It’s sink or swim for our health and social care services, charities tell Government
Published on 15 June 2018 10:00 AM
The NHS, social care and public health desperately need significant funding if they are to survive. That’s the finding of a new report from The Richmond Group, a coalition of 14 charities including Age UK.
The report, Destined to ‘sink or swim together’: NHS, social care and public health, shows that funding one service in isolation can’t prop up the others, and if they aren’t all funded appropriately, they risk collapsing altogether.
Systems in crisis
This is a sobering thought. Currently, more than one in four people in England are living with a long-term health problem, and there are 3.84 million people on waiting lists for treatment as of March 2018.
Yet NHS spending grew at one of the lowest rates in its history between 2010/11 and 2014/15, and over the last seven years spending on adult social care has fallen by 8% in England.
Pressure is mounting on the NHS and social care system to meet the most urgent needs. The Richmond Group of Charities work with people, their carers and families who regularly depend on access to good health and care services. And with an estimated 4 million older people in the UK living with a longstanding illness, Age UK is determined to represent the needs of those in later life.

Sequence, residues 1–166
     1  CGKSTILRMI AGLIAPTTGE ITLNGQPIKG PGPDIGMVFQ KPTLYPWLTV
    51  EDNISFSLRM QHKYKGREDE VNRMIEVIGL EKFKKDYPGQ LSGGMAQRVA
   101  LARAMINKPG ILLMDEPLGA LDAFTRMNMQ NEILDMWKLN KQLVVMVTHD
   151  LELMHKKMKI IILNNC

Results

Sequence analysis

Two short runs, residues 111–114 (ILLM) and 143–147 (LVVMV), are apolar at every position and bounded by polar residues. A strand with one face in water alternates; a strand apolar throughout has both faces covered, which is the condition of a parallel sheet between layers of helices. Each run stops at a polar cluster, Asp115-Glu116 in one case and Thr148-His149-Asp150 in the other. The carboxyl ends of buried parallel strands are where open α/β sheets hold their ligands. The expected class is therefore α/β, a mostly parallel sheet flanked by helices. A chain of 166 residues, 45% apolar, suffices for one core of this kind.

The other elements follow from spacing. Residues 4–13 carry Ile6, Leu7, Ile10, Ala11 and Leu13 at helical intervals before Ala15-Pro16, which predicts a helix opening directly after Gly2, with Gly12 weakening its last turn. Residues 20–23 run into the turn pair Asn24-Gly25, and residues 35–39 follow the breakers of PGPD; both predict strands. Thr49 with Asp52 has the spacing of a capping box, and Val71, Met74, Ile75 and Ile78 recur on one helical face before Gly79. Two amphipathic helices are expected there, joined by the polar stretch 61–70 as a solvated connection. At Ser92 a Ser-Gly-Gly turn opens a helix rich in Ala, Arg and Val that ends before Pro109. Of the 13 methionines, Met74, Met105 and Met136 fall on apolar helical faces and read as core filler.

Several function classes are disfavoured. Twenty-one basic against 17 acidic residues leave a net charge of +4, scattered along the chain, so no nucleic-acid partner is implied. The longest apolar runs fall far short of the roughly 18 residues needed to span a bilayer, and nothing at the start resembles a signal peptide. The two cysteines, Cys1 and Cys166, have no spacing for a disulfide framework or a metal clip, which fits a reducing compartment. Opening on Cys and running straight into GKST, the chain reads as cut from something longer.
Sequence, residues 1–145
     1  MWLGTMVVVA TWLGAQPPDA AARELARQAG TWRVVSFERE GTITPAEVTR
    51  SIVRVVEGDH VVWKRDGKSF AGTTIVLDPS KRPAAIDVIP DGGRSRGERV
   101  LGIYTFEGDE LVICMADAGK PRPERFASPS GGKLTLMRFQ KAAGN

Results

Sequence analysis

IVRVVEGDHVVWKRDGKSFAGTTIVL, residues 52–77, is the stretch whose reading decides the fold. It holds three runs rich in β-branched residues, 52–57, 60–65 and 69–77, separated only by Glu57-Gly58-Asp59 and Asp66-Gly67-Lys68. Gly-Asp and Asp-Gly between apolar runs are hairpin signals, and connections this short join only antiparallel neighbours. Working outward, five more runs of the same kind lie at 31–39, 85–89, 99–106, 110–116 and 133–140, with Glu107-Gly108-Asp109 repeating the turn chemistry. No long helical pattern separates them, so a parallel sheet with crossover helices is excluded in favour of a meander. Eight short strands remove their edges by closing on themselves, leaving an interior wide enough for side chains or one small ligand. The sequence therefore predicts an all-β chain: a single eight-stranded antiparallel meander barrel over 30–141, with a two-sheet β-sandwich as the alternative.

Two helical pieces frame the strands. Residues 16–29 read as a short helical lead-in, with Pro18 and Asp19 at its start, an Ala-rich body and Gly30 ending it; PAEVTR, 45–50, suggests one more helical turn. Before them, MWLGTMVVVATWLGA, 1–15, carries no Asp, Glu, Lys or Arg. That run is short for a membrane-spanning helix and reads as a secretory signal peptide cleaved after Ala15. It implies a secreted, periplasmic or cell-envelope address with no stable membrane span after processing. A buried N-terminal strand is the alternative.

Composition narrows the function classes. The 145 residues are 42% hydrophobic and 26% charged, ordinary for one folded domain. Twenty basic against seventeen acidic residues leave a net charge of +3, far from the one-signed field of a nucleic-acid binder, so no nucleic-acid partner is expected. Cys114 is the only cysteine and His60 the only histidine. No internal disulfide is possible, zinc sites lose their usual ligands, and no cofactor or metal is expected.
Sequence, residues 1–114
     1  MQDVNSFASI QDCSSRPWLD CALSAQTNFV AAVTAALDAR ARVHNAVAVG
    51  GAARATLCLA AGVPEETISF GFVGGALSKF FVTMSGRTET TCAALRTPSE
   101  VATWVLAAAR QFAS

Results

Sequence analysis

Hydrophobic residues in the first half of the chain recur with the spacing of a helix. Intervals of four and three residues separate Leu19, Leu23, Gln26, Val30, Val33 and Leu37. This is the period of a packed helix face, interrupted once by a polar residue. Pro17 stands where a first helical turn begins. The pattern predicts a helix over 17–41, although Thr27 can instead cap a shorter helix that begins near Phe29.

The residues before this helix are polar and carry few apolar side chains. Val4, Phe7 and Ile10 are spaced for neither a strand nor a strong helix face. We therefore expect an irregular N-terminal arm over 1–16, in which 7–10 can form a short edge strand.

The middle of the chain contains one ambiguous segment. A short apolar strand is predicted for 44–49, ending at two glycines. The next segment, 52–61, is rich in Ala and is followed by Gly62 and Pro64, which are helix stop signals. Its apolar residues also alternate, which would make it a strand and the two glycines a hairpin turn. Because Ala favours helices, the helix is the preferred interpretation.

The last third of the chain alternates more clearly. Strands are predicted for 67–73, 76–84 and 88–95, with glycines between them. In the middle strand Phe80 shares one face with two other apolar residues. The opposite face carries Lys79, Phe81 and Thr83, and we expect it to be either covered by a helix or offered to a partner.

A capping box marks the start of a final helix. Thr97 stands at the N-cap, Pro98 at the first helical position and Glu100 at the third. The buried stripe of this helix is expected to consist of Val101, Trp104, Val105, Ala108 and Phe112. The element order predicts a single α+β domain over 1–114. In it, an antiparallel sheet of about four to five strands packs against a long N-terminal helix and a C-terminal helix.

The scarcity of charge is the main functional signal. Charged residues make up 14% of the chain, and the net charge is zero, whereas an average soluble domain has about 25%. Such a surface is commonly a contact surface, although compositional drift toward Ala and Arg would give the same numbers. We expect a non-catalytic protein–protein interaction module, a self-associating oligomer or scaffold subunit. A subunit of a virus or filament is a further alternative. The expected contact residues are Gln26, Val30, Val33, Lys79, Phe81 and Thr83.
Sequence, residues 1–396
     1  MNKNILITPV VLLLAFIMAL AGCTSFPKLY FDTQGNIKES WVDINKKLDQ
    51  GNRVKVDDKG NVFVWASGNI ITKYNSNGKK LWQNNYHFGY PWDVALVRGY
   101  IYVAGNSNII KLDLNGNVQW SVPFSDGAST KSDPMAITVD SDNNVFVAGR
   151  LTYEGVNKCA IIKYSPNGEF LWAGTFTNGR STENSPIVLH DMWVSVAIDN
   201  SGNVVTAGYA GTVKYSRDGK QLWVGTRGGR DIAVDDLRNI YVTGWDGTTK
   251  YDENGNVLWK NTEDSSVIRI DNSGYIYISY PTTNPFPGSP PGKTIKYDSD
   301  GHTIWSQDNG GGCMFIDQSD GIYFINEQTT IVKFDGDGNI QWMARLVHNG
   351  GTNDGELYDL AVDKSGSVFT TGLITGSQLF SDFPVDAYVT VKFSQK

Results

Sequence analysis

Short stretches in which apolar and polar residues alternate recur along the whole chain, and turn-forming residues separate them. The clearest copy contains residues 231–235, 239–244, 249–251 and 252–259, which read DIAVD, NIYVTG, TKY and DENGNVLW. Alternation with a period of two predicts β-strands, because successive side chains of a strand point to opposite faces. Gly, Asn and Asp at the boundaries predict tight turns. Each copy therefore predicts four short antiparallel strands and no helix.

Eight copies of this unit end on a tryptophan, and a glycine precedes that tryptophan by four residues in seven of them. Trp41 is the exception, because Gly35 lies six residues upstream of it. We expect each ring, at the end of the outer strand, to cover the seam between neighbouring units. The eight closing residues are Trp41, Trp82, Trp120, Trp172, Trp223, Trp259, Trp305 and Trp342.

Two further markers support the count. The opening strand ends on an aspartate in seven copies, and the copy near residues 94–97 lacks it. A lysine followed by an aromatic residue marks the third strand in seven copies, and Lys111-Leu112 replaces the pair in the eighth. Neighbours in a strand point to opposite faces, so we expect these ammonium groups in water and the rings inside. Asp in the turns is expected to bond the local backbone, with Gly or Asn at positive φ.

Funding’s needed across the board
As part of The Richmond Group, we’re calling on the Government to deliver an ambitious funding package, and to take decisive action that sets the NHS, the social care system and public health on the right path for the future together.
“We know that the only effective means of rectifying the health and social care crisis is to invest in services that support people to stay as well as possible for as long as possible,” said Chris Askew, Chief Executive of Diabetes UK and Chair of the Richmond Group of Charities.
“We all know the NHS is grossly underfunded but, unless we also fill the funding gaps in social care and public health, pumping money into one aspect of our health and social care system won’t make a sustainable difference. It’s a case of sink or swim together.
“Without decisive action from Government, this situation is going to go from bad to worse. As the 70th anniversary of the NHS approaches, it’s time we take this problem seriously, and work together to solve it.”